In this context, Havel’s “anti-politics” fit the Czech constitution and historical tradition. If George Washington avoided becoming a party member because he was concerned about the self-destruction of the Roman Republic though partisanship, Havel was concerned about the Party as an institution that allowed people to relieve themselves of personal responsibility by creating an unaccountable, anonymous bureaucracy. The denouement of the Czech party system after a quarter century of liberal democracy proved that Havel’s fears were not unfounded.
As in other post-totalitarian countries like West Germany and Austria, Czech post-totalitarian mass political parties connected to their electorates through patronage rather than policies and ideologies. Other democracies started like this too, as Francis Fukuyama argues in his most recent book.2 Though there was a formal ideological distinction between the two main Czech parties, the Civic Democrats and the Social Democrats, their policies were quite similar. They differed mainly in regard to which private interests they patronized. Compared to the corporatist patronage systems of Germany and Austria, the Czech system was staffed with marauding rather than stationary political bandits, to borrow Mancur Olson’s distinction. Most politicians did not expect or intend to stay in politics for long, so they attempted to derive the highest utility from politics in the shortest time. Unlike in Germany and Austria too, political corruption has not been limited by the rule of law. In continuity with Communist practice, politicians have been above the law. The patronage system has also not been as extensive as in Germany and Austria. Add to that the effects of the recession and the result has been the rise of populism.
Membership in populist parties is limited to the leader and a handful of trusted deputies. The leader brings in the votes and appoints non-party members to offices so they are entirely dependent and have no constituency of their own. There have been several incarnations of extreme but marginal populist parties in the Czech Republic, often led by characters who looked like Batman villains. The latest such character is Tomio Okamura, a travel agent with a Japanese father and Czech mother who grew up in Japan and acquired there expertise in racism. He claimed to have made his money from Japanese tourism to the Czech Republic, which was somewhat incredible, since one rarely sees any Japanese tourists in Prague. Actually, he used his political career to raid the party coffers by hiring himself as a consultant with the money the party got from the state. The party ideology advocated direct democracy and opposition to Islam and immigration, a particularly pathetic ideology in a country with negligible numbers of Muslim immigrants. Anti-racist activists organized a kebab-eating day in protest. More recently, they started an ironic civic movement against water from Mars, opposing Mars-ist indoctrination in schools, calling for a boycott of Mars bars, and spreading the “Truth” in the form of H. G. Wells’ War of the Worlds. Havel would have been amused, no doubt.
The much larger and politically more significant populist party is ANO, the second-largest party in the Czech parliament. It is led by Adrej Babiš, the second wealthiest Czech, who is Minister of Finance and owner of the nation’s two quality newspapers. Apart from opposition to corruption and support for reinstating capital punishment, ANO has no program or ideology. Its oligarch leader, Trump-style, is currently the most popular Czech politician. He promises to run the country as he does his company, and in the meantime appoints his executives to positions in the government and civil service.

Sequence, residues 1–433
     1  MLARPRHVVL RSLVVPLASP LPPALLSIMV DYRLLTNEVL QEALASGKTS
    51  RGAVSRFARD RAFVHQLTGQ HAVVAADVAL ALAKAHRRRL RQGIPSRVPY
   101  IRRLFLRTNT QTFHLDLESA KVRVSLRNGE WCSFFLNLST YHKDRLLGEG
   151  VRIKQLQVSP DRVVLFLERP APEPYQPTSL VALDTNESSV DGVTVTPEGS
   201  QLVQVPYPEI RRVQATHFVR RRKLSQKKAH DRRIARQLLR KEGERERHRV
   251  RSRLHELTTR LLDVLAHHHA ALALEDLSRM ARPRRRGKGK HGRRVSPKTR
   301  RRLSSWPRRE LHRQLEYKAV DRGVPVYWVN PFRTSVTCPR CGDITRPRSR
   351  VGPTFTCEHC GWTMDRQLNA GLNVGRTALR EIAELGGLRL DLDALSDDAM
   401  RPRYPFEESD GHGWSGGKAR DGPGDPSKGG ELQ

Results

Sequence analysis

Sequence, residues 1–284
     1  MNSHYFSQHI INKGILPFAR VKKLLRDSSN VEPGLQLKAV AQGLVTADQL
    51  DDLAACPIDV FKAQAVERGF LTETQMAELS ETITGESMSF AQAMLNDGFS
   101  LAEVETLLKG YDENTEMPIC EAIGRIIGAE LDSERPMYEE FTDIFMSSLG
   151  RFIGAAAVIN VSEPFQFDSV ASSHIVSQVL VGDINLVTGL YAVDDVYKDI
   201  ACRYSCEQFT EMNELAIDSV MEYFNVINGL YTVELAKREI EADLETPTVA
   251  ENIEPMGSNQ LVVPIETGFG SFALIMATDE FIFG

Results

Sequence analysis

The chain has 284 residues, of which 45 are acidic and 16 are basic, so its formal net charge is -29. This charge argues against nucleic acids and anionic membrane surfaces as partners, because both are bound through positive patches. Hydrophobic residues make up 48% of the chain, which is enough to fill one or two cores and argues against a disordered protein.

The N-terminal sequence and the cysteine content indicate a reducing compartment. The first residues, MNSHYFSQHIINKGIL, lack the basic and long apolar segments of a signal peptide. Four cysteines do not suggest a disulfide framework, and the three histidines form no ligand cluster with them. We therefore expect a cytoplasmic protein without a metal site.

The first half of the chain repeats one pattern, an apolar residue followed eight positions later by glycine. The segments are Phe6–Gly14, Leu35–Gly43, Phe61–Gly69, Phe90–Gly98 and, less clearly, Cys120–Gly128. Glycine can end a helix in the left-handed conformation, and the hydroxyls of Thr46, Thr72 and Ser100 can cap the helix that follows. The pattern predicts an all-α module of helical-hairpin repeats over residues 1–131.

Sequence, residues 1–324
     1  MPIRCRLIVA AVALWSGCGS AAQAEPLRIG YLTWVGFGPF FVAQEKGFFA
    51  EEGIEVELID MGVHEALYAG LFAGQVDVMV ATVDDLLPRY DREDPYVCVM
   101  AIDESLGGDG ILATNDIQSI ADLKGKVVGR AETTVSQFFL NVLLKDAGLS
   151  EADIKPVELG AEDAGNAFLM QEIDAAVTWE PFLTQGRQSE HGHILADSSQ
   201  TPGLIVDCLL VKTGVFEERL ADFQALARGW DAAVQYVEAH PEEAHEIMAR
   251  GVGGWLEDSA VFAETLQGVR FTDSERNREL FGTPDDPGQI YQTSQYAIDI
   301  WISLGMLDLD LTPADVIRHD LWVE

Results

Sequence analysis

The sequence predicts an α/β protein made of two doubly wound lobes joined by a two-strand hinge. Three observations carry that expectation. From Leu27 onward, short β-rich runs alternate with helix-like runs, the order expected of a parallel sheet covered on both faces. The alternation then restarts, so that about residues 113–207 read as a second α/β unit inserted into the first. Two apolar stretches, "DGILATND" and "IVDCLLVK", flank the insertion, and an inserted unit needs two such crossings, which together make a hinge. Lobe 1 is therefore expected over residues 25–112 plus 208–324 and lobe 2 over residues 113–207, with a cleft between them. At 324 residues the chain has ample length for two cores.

After decades of corruption from the established parties and upstart politicians, the average Czech reasons that since Babiš is so rich ($2.7 billion according to Forbes) he does not need to steal. Yet as Minister of Finance and the owner of few hundred companies there are few decisions he can make that do not affect his personal wealth. EU and U.S. leaders try to ignore his existence.
The rise of these populist parties is the result of the corruption of the conventional political parties and the emergence of Czech oligarchs. True, much worse examples of populism can be found in Western Europe today. Arguably, Babiš is Berlusconi without the orgies, or Trump without the hot air. Still, the failure of the post-Communist Czech party system caused the rise of populism in a society where democracy is not entrenched yet and establishment of the rule of law has still a long way to go.
The Dalai Lama or Putin
Havel’s foreign policy achievements undermined themselves. NATO membership assured the Czechs that Russia is not threatening them. As EU members they did not feel obliged to coordinate their foreign policy with the EU. Klaus had valid criticisms of the unaccountability, inefficiency, and bureaucratization of the EU. But his opposition to the EU was aligned with a Russian foreign policy that aimed to fragment Europe so that Russia could deal with each weak country separately, and charge different prices for Russian energy according to each country’s degree of obedience and dependence. Klaus’ successor, first as Prime Minister and currently as President, Miloš Zeman, continues Klaus’s pro-Russian policies. Zeman’s election campaign was partly financed by Russia’s Lukoil. It seems like both Presidents reached a kind of Faustian pact with Putin. Still, Havel’s prestige and appointees in the Czech Foreign office prevented a radical shift in Czech foreign policy, at least until recently.
The current Czech government, a coalition of the Social Democrats with the populist ANO party, is attempting to reassess Havel’s tradition in foreign policy, characterized by support for the Atlantic alliance and idealist support for anti-totalitarian dissidents from Tibet to Cuba. A new geopolitical alliance with Russia and China could fit Czech economic interests, or at least the interests of some of the more influential oligarchs and politicians. So if there is a major change, its sources run below the surface.